A SUNDERLAND businessman has been hit with a restraint order.
John Finn, who ran Pallion Housing, has been ordered not to issue any claims or applications against housing group Gentoo in relation to a court case dating back four years.
In October 2007, Mr Finn admitted he and his company were behind publications on the controversial Dadsplace website.
He and Pallion Housing agreed to pay more than £100,000 in damages to Gentoo boss Peter Walls and other company employees for libel and harassment in what was believed to be at the time the UK’s biggest internet defamation payout.
Mr Finn and the firm were later ordered to pay £750,000 costs.
In July 2009, Pallion Housing went into administration and in June 2010, Mr Finn was declared bankrupt over the hefty unpaid court costs.
Over the last few months, Mr Finn has attempted on several occasions to apply to the court to set aside the order requiring him and Pallion Housing to pay damages and costs to Mr Walls and other Gentoo employees, which all failed.
In a bid to stop the series of complaints, Gentoo took action in the High Court, where last week a senior judge granted an extended civil restraint order against Mr Finn.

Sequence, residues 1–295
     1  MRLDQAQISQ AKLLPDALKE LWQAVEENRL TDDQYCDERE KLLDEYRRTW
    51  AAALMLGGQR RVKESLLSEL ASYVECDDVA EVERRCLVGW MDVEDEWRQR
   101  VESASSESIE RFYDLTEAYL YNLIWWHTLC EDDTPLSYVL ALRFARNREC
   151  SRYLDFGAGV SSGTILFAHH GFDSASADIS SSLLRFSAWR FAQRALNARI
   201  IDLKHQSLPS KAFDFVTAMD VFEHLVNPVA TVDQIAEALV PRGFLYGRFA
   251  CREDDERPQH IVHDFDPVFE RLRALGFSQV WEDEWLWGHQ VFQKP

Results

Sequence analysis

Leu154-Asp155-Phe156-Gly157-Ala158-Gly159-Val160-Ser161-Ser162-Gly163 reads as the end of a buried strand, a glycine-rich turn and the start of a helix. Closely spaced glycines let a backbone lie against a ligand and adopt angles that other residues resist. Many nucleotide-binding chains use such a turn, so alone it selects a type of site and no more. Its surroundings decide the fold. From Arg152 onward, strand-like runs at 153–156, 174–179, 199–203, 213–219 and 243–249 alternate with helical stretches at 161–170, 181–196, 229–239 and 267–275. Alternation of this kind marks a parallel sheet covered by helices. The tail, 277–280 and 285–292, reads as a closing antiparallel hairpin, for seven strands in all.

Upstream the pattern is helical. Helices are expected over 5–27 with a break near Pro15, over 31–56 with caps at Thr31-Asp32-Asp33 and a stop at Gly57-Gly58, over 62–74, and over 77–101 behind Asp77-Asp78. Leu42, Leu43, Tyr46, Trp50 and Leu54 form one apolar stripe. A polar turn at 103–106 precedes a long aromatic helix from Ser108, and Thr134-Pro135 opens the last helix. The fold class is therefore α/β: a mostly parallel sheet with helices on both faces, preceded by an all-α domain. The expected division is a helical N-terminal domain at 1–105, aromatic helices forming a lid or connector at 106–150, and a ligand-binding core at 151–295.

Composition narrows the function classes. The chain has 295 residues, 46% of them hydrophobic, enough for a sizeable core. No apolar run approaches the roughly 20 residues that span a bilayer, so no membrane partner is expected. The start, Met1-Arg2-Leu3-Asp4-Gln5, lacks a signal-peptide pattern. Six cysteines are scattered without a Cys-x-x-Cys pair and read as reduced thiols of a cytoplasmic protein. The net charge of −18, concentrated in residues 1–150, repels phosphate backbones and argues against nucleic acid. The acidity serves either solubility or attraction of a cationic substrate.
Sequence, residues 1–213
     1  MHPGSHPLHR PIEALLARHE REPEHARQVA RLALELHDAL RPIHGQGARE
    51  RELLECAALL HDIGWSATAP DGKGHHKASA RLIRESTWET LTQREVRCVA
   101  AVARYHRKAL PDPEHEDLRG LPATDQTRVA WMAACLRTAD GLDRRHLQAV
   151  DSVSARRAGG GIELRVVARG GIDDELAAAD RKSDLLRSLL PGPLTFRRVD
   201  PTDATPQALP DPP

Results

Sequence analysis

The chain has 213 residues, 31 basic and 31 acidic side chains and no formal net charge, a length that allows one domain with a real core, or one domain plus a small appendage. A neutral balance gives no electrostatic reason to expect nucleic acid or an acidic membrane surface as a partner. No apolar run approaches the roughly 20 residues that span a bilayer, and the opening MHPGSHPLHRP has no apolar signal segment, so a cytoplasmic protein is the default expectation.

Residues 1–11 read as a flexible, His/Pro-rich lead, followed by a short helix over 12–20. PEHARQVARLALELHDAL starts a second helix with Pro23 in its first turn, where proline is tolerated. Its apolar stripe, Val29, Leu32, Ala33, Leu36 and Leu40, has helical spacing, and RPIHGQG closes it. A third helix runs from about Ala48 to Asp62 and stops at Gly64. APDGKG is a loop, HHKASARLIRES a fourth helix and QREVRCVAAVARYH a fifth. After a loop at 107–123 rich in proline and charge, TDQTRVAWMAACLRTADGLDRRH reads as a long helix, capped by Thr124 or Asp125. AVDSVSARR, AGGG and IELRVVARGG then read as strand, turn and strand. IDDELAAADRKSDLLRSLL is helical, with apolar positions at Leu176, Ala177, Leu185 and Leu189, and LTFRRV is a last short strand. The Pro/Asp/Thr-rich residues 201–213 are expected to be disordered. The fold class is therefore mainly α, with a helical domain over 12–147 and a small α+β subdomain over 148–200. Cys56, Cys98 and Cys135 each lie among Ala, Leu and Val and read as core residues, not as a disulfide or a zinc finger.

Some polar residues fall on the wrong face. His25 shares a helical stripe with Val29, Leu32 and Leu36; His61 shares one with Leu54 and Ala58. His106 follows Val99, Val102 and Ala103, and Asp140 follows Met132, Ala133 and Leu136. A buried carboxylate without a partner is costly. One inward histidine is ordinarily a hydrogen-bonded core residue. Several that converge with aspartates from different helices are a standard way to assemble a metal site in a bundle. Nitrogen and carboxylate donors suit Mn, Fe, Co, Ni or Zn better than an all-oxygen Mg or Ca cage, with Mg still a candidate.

The order means he cannot make any claim or application in relation to the Dadsplace website or make an application to amend or change the order for the next two years.
If he wants to do any of the above, he must seek the permission of a High Court judge to do so.
In a statement, Mr Finn said: “Peter Walls and Gentoo are within their rights to bring action they think is fit.
“I reserve my right to respond when I have read the news article in full.”
Gentoo said it was pleased with the High Court ruling.
Deputy chief executive John Craggs said: “As someone who has already lost a vast amount of money through his involvement in the defamatory Dadsplace website, you would have hoped he had learned his lesson.
“It is now time for him to move on and allow us to use our resources for the benefit of the people of Sunderland.”